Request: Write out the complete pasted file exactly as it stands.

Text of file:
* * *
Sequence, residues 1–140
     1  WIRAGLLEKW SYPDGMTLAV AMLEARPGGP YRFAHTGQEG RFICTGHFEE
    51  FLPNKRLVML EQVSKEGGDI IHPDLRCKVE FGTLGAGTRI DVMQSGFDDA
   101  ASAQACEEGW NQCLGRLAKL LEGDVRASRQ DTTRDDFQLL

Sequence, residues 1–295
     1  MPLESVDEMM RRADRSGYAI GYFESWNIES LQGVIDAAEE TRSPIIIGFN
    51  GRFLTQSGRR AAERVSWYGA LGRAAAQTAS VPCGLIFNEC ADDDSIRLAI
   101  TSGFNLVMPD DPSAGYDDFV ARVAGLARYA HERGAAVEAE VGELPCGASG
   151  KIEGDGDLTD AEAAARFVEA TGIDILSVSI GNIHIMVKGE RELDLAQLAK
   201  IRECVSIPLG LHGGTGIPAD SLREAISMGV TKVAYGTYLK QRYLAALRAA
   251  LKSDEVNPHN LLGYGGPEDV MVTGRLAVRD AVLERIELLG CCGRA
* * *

Sequence, residues 1–140
     1  WIRAGLLEKW SYPDGMTLAV AMLEARPGGP YRFAHTGQEG RFICTGHFEE
    51  FLPNKRLVML EQVSKEGGDI IHPDLRCKVE FGTLGAGTRI DVMQSGFDDA
   101  ASAQACEEGW NQCLGRLAKL LEGDVRASRQ DTTRDDFQLL

Sequence, residues 1–295
     1  MPLESVDEMM RRADRSGYAI GYFESWNIES LQGVIDAAEE TRSPIIIGFN
    51  GRFLTQSGRR AAERVSWYGA LGRAAAQTAS VPCGLIFNEC ADDDSIRLAI
   101  TSGFNLVMPD DPSAGYDDFV ARVAGLARYA HERGAAVEAE VGELPCGASG
   151  KIEGDGDLTD AEAAARFVEA TGIDILSVSI GNIHIMVKGE RELDLAQLAK
   201  IRECVSIPLG LHGGTGIPAD SLREAISMGV TKVAYGTYLK QRYLAALRAA
   251  LKSDEVNPHN LLGYGGPEDV MVTGRLAVRD AVLERIELLG CCGRA